Risk Analysis

Analysis of Inland Crude Oil Spill Threats, Vulnerabilities, and Emergency Response in the Midwest United States

Journal Article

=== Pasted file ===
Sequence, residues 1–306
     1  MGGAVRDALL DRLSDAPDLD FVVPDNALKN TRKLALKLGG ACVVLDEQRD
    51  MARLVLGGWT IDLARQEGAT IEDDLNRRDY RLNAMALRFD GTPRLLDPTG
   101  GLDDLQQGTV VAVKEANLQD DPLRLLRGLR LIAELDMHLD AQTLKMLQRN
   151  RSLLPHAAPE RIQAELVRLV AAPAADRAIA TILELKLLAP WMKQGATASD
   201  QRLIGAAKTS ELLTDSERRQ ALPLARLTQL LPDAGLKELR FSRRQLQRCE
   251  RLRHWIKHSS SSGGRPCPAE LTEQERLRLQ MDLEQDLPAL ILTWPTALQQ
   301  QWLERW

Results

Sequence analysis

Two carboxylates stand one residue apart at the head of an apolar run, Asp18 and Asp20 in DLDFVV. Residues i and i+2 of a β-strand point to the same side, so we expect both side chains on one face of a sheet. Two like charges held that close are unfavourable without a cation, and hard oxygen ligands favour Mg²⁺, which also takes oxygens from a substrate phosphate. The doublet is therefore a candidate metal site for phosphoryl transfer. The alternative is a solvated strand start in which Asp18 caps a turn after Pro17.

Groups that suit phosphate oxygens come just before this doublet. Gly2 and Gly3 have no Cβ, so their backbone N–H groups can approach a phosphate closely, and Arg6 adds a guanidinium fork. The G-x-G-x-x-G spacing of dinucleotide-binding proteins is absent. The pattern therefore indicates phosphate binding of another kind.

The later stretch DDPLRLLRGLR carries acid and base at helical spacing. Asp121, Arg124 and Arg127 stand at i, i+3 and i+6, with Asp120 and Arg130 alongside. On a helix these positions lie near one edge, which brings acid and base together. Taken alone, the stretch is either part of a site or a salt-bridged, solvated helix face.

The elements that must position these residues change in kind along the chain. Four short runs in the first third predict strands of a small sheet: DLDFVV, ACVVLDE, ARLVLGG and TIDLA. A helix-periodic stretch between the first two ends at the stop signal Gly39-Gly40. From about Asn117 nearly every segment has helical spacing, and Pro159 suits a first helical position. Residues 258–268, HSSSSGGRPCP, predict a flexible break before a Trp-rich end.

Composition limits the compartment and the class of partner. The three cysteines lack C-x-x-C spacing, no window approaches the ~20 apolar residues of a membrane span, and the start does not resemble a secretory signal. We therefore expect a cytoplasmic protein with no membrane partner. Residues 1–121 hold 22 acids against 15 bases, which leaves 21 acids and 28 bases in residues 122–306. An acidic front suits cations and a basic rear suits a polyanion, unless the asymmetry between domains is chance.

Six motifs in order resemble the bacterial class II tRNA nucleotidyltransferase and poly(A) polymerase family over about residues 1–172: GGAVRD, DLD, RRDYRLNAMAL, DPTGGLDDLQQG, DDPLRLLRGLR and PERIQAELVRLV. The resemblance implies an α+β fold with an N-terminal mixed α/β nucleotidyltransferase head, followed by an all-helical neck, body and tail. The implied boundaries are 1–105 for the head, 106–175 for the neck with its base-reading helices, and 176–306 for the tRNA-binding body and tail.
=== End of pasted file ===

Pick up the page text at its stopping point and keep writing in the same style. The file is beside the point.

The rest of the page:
Although coastal oil spills tend to be highly publicized, crude oil spills in the United States affect inland areas relatively often. Spills to inland areas often affect sensitive environments and can have greater impacts to health and welfare than spills to coastal areas. For these reasons, the authors investigated inland crude oil spill threats, vulnerabilities, and emergency response in the midwestern U.S. states of Illinois, Indiana, Michigan, Minnesota, Ohio, and Wisconsin. These states work with the Region 5 Offices of the U.S. Environmental Protection Agency. Region 5's geospatial data in the Inland Sensitivity Atlas were turned into metrics indicating inland crude oil spill threats and vulnerabilities among the Region's sub‐watersheds. These threats and vulnerabilities were weighted using data from the National Response Center and the Department of Energy's Environmental Restoration Priority System. The locations of the Region's emergency responders were geocoded in GIS. The GIS calculated the emergency response times to the Region's sub‐watersheds. The resulting scatter plots are connected to the sub‐watersheds in the map so stakeholders can (1) see the outlying sub‐watersheds of concern and (2) better understand how reducing threats and better response time can reduce the risk of inland crude oil spills.

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